This page last updated 2 February 2007
I owe most of the scanty information I have about the early generations of this line to Alan R Prime, who has a website for his Prime Family History Society and has been diligently conducting a one-name study and sharing the results very kindly with enquirers like me. Apparently the name became established in eastern England when many Huguenot and other European protestant refugees fled the wars of religion in the 15th and 16th centuries.
Thomas PRIME was born about 1768 in Norfolk. He married Elizabeth WARNES in Aslacton in the south of that county in 1785.
Their son John PRIME was born about 1805 in Norfolk. He married Esther YOUNGMAN in Aslacton in 1826. In 1850 he gave his occupation as Labourer.
Their daughter Mary PRIME was born about 1827. In 1850 she was living in Aslacton and gave birth to a son, William Thorpe PRIME, and married William THORPE, in that order. She was thereafter known as Mary THORPE.
Mary's son, young William, was most of the time known as William THORPE too. However, he would honestly use his birth surname of PRIME for most official purposes - for example when, in 1873 at Diss in Norfolk, he married Harriet LAST. In 1881 they lived at Gissing in Norfolk, and William was an agricultural labourer. In 1901 they lived at Carlton Colville over the border in Suffolk, and William was a horse man on a farm. William died in 1916.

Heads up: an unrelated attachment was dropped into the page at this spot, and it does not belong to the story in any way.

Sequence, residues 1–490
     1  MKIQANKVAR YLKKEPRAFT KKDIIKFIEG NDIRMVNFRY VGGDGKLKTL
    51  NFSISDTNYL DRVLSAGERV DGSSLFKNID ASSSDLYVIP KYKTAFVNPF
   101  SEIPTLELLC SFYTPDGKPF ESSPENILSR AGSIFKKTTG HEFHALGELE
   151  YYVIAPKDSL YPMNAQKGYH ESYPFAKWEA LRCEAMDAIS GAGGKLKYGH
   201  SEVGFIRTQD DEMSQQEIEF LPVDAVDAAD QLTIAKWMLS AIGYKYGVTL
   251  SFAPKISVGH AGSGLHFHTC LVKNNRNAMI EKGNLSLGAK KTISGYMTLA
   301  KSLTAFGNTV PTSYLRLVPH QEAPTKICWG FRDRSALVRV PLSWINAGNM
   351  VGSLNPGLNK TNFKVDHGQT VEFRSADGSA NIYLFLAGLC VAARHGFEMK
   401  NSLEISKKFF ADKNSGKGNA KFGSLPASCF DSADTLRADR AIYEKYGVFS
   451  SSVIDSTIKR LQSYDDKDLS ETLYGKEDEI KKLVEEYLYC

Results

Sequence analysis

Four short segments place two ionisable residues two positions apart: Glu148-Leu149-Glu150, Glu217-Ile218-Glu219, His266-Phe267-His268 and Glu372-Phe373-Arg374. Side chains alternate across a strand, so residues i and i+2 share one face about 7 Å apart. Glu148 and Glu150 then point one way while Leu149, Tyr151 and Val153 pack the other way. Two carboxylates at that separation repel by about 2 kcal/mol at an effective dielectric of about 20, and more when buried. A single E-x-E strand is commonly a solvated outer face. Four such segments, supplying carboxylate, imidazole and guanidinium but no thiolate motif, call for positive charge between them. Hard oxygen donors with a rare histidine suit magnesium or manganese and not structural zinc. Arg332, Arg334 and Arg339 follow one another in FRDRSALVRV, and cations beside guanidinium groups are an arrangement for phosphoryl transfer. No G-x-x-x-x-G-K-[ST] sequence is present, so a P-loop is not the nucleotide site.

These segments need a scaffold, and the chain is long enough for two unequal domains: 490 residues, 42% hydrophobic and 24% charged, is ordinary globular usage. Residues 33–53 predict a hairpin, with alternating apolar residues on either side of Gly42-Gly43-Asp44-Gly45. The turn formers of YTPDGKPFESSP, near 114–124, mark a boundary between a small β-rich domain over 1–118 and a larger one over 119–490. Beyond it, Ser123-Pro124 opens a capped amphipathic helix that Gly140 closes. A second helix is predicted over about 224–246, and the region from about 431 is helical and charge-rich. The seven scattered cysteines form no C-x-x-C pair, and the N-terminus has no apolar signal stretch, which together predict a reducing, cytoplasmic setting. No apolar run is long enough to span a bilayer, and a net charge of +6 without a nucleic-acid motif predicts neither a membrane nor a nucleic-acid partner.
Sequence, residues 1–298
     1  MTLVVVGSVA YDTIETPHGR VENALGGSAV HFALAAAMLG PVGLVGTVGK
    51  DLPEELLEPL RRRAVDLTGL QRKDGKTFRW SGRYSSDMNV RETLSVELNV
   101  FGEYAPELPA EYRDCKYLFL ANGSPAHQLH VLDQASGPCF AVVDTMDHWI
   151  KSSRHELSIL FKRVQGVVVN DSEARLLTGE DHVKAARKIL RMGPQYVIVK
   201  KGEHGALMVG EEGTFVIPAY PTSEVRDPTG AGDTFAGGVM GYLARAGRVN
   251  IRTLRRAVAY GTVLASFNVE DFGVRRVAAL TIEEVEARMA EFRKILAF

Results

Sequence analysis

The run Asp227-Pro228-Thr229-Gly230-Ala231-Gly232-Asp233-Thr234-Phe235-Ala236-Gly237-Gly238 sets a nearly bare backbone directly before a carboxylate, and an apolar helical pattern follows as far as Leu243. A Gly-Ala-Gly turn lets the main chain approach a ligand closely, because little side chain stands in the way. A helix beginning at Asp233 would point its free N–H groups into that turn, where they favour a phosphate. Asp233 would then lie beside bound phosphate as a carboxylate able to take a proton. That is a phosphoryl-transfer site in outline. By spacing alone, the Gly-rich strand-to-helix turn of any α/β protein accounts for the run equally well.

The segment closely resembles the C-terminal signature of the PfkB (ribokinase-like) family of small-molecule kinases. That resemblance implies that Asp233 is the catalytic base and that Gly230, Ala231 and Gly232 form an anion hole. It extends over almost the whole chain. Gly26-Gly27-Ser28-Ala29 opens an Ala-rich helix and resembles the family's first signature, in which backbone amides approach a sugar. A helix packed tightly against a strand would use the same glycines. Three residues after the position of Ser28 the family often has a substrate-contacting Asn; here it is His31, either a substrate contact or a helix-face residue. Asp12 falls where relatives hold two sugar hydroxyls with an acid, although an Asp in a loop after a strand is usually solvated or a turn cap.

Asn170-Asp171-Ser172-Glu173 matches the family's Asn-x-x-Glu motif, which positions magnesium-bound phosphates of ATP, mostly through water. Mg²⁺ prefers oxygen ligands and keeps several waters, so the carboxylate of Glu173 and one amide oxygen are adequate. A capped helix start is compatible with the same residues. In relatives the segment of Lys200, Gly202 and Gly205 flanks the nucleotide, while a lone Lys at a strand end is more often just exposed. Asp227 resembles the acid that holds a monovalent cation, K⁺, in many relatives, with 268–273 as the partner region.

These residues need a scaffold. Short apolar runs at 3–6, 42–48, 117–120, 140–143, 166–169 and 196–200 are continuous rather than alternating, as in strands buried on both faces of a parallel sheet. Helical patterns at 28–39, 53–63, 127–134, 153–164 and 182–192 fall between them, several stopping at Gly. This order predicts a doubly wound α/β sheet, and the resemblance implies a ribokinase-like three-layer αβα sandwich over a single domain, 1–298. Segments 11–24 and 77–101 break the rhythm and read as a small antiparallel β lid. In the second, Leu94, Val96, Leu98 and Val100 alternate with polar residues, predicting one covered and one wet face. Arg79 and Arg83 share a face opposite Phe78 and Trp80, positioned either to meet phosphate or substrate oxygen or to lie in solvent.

William and Harriet had children including Florence PRIME, born at Gissing in 1881. In 1901 she was a housemaid in Lowestoft, in Suffolk near Carlton Colville. In 1905 she married Arthur Albert READ. She died of tuberculosis in 1921 leaving eight children aged from 15 years down to a few months.
If you are interested in this line I'll be very pleased indeed to hear from you. Email me at firstname.lastname@example.org but delete everything up to and including the first dot, leaving just my name and number @ service provider. Please do not delete the automatically-generated subject line, so that I know your email is not spam. You can add more to the subject if you like but if you delete what appears I may not read your mail.
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